Wild Bet on Woodpeckers Pays Off
March 30, 2016
By Bryan Watts, Center for Conservation Biology
It was 5 April, 2000 and we (Bryan Watts, Dana Bradshaw and Marian Watts) caught the 5:40 AM ferry across the James River and made the 30-minute drive south to take up strategic positions in the woods before 6:45 AM. Just after dawn, woodpeckers began to emerge from their roost cavities calling and rallying together in the center of the cluster of trees. We would count four on this morning, and over the next week an additional nine birds. Thirteen plus two bachelor males within other sites were all that remained of their kind in Virginia. Once relatively common and distributed throughout the southeastern part of the state, the red-cockaded woodpecker suffered dramatic losses with the exploitation of pines during the colonial expansion and much deeper declines with the movement toward the production of wood products through short-rotation pine plantations. However, as recently as 1975, 60 different breeding sites were still known. By 2000 nearly all of those sites had been milled and the population was perched on the edge of the abyss (read about the decline).
The 1998 purchase of the Piney Grove Preserve, a 2,000+ acre stand of old pines, by The Nature Conservancy represented the final bet by an exasperated conservation community to save the species in Virginia. The site was the last game in town and its purchase was made with a clear understanding of the long odds for success. A coalition of the willing that included The Nature Conservancy, the Virginia Department of Game and Inland Fisheries, the U.S. Fish and Wildlife Service, and The Center for Conservation Biology formed with an initial objective of growing the population within the preserve. The plan was to build a nucleus for recovery.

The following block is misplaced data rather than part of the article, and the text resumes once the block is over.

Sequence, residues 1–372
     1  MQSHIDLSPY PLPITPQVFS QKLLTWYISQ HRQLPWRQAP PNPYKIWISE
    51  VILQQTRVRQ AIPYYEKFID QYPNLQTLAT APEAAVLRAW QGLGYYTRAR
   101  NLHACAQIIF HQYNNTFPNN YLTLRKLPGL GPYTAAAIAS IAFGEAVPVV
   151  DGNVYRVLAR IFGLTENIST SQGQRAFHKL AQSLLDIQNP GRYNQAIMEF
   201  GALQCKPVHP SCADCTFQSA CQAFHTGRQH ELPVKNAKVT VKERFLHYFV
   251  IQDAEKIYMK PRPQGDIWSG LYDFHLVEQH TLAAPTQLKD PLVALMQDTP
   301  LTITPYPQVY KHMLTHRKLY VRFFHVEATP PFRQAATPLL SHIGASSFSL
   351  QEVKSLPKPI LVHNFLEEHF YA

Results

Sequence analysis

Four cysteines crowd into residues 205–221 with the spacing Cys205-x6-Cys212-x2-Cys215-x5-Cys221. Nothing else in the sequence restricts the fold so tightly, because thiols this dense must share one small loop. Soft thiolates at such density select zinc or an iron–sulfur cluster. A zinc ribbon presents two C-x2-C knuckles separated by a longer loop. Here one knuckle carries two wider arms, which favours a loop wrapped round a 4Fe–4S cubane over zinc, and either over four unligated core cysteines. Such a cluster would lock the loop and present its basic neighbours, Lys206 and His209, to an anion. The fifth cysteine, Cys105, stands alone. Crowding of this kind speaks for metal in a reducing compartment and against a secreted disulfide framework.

Despite the long odds, with the hard work of many, many individuals, the bet with Piney Grove Preserve has paid off. During the winter of 2015-2016, CCB counted 68 woodpeckers within the preserve, an incredible five-fold return. In just 15 years the conservation experiment has reversed a 400-year-old decline. Although the acres of this initial purchase are now approaching their capacity for woodpeckers, other initiatives are pushing forward. The purchase of several thousand acres of pineland (The Big Woods) adjacent to the preserve by the Virginia Department of Game and Inland Fisheries represents great promise for the future of pineland birds in the state. The translocation of eight woodpeckers into the Great Dismal Swamp National Wildlife Refuge in October represents a second phase of recovery. The Piney Grove Preserve has truly fulfilled its intended role as a nucleus for recovery.